Which brings me to my next point. If you find yourself anchored in grief, you may be suffering from complex grief, retraumatized, or both. Depression and anxiety can misguidedly try to ‘protect’ people by blocking grief. In effect, both depression and anxiety block emotions. They are defenses against healthy pain that create the additional problems of hopelessness and helplessness found in depression or, in the case of anxiety, constant worry based rumination and fear.
Retraumatization can occur as a result of reactivating the abandoned, wounded child that resides in childhood abuse survivors. Emotional Flashbacks can take you back to the despair, terror and helplessness you experienced as a child. If this is happening to you then, if you have the means, I’d recommend that you seek counseling with a therapist who has a solid background in understanding narcissistic family abuse dynamics and treating complex trauma.
Family Scapegoating, aka Narcissistic Abuse, is one of the last bastions of socially unrecognized grief. The resistance and criticism survivors face from people who are unwilling or unable to face the harsh reality of highly imperfect and destructive families, can cause another layer of injury and loss in the target, referred to as Secondary Wounding 1. On a troubling and regular basis, survivors are typically met with disbelief, denial, minimization or blame from others, which recreates the failure of empathy and invalidation of the abusive family home, leading to a downward spiral of dissociation into the abandoned / wounded child state, where false self blame, guilt and shame – aka the Inner Scapegoat – reside. Secondary Wounding may also lead to a breakdown of trust, feelings of rage, hopelessness and/or further estrangement. Sadly, this often happens when survivors are coming to terms with their abuse history, only to be re-wounded by people they look to for support and understanding during this challenging transition.
Other survivors have told me that, just like you, social media can feel re-wounding. Especially when you witness family milestones and celebrations that you are ostracized from. Good for you for taking a ‘digital detox’ so you can protect your heart from further pain.
You mention how painful it is to hear your friends’ plans to spend Christmas with grandkids. Are your friends aware that you have been excluded from these family gatherings? If not, do you need to tell them a bit about the situation, and ask that they not dwell on this with you?
In terms of dealing with triggers of grief, loss and abandonment that can feel so overwhelming, I would invite you to treat yourself with the tender compassion that the kind Vicar showed you so long ago. It’s likely the wounded, abandoned child in you, as well as the mother you are, who are grieving these losses you are bookended by. Feel the hurt and sadness of the wounded child you were. Allow the adult in you to step in to nurture and support her. Most people who are dealing with familial trauma find that caring for the wounded child within is a practice that, over time, softens the anguish and fear. It is more complicated that you are also dealing with adult estrangement, and I hope you have some adult support in your life from people who can understand and have your back at those times when grief can feel so intense.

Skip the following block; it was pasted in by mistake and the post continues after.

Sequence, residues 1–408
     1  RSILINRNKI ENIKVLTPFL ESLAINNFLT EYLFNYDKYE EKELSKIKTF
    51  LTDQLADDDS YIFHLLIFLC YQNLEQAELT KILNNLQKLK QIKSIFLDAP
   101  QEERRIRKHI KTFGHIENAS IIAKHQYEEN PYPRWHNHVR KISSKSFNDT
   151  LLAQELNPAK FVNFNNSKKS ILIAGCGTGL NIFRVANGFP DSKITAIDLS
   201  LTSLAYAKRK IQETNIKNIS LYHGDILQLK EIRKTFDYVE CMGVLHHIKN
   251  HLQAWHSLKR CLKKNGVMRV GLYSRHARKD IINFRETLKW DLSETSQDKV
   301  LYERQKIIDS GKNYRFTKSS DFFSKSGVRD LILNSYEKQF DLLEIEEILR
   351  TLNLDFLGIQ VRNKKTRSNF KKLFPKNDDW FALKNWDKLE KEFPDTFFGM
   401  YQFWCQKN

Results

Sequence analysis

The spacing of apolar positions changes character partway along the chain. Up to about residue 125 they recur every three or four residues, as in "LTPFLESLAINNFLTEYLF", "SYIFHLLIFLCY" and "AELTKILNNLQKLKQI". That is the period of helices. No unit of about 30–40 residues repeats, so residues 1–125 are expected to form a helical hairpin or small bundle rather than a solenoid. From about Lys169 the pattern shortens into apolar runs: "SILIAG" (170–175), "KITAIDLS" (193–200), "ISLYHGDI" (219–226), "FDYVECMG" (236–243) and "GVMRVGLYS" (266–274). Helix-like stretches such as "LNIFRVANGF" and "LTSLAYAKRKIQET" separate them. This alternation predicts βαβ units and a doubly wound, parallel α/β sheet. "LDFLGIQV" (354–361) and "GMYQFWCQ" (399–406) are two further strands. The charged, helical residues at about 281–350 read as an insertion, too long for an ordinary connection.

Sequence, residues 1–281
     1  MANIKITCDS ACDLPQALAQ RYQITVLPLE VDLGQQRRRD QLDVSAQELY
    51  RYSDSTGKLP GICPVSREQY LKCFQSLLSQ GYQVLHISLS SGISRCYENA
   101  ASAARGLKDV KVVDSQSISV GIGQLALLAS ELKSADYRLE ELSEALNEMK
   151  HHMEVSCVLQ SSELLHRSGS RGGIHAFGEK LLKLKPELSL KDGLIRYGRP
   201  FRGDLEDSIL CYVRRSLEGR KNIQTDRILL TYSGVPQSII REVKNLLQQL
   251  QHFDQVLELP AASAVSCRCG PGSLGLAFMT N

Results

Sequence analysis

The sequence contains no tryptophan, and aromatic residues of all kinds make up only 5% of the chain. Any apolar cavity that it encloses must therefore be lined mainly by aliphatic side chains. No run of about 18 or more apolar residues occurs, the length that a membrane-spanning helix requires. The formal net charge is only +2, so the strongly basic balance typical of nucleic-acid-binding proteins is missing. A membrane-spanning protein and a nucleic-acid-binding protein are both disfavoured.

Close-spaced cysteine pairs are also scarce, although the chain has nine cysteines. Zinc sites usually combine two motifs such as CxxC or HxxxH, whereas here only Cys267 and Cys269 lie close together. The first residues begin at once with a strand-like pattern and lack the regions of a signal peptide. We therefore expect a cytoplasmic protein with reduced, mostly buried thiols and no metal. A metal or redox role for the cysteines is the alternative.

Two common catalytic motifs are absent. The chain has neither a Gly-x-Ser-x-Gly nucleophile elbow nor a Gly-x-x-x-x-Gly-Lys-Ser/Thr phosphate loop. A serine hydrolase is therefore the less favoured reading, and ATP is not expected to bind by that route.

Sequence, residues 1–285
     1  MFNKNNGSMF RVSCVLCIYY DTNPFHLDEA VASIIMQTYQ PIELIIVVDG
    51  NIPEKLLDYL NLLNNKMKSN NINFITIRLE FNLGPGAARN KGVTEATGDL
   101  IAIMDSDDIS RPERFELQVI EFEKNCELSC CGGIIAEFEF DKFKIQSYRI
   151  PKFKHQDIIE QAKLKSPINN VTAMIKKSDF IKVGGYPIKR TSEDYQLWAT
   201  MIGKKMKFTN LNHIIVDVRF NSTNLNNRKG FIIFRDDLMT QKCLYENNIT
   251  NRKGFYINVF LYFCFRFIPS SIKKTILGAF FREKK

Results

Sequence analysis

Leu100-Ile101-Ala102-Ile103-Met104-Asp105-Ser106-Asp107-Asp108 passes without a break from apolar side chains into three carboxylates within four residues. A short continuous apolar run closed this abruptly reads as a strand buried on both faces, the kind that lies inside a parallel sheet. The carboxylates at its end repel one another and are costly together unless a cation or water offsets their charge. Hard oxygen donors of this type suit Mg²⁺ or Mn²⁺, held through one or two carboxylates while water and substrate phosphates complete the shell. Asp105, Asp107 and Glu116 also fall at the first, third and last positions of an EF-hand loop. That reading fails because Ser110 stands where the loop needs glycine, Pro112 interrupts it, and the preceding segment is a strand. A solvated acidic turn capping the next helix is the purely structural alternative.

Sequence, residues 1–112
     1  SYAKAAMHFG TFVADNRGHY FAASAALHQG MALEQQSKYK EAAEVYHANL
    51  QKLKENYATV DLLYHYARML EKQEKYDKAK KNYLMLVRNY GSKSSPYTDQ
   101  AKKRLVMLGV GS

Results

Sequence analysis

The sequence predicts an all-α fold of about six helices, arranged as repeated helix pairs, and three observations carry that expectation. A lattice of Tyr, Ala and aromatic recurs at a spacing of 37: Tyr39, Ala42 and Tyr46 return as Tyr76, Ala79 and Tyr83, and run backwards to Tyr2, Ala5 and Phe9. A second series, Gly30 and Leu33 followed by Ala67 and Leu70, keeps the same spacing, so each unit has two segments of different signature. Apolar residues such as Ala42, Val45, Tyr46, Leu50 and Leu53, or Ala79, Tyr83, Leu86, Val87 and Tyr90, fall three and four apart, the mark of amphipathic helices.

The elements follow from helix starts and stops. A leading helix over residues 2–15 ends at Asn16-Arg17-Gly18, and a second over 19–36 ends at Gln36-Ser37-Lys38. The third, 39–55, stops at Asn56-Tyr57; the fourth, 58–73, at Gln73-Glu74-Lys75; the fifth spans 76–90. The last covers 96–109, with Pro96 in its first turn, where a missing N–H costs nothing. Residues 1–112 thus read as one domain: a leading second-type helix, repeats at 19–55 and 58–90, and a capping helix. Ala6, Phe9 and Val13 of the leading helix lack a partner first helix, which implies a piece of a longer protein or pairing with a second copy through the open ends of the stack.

I’m also wondering if you need to set firmer limits or conditions with your adult children regarding the casualness with which they seem to re-enter and exit your life? Seems that the price you pay is much too steep.
You may also benefit from having a strategy for working your way through the Emotional Flashbacks associated with Complex – aka Relational – Trauma. This involves several reality testing steps to be aware of and to work your way through:
1. Slowing down and acknowledging the trigger: “I’m having an emotional flashback”
2. Grounding Yourself: “I am safe in the present, in this room. My feet are on the ground”; “The worst is over”; “Even though I feel fear, I am not in danger, etc”. Remind yourself that this is an old memory state that’s been reactivated, and can predetermine your beliefs and feelings of threat, even though this may not be true in the present. In other words, reality testing is very important as it taps into the power of the pre-frontal cortex to reorient yourself into the present, while the non linear emotional brain trying to convince you that the threat response is connected to a present ‘danger’, even when this is about memory rather than present danger. The ultimate goal is to unpair the latent threat response in the emotional brain with the present to calm down the nervous system and minimize hyper-vigilance and reactivity.
3. Comforting the Wounded Self, through caring, sympathetic and non-judgemental attention and thoughts: “You were hurt badly, and you did not deserve this”. “I am here for you and love you”; “I will love you in the way you deserve to be loved, and needed at the time, but did not get”;” I will never allow anyone to hurt you again like that”, etc. The goal here is to become the Supportive Witness that was missing during relational trauma.
4. Repeating these steps until you feel calmer, soothed, etc.
Wishing you the peace of mind you deserve on your healing journey.
Photo – Pixabay
Notes / References
- Secondary Wounding: Behind the Term: Trauma, National Registry of Evidence Based Programs and Practices, SAMHSA, 2016
Need help overcoming family scapegoating or dealing with Narcissistic behavior in family relationships? Check out my Family Scapegoat Counseling page
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Glynis Sherwood – MEd, Canadian Certified Counselor, Registered Clinical Counselor, specializes in recovery from Family Scapegoating, Narcissistic Abuse, Low Self Esteem, Chronic Anxiety, Estrangement Grief and Relationship Addiction.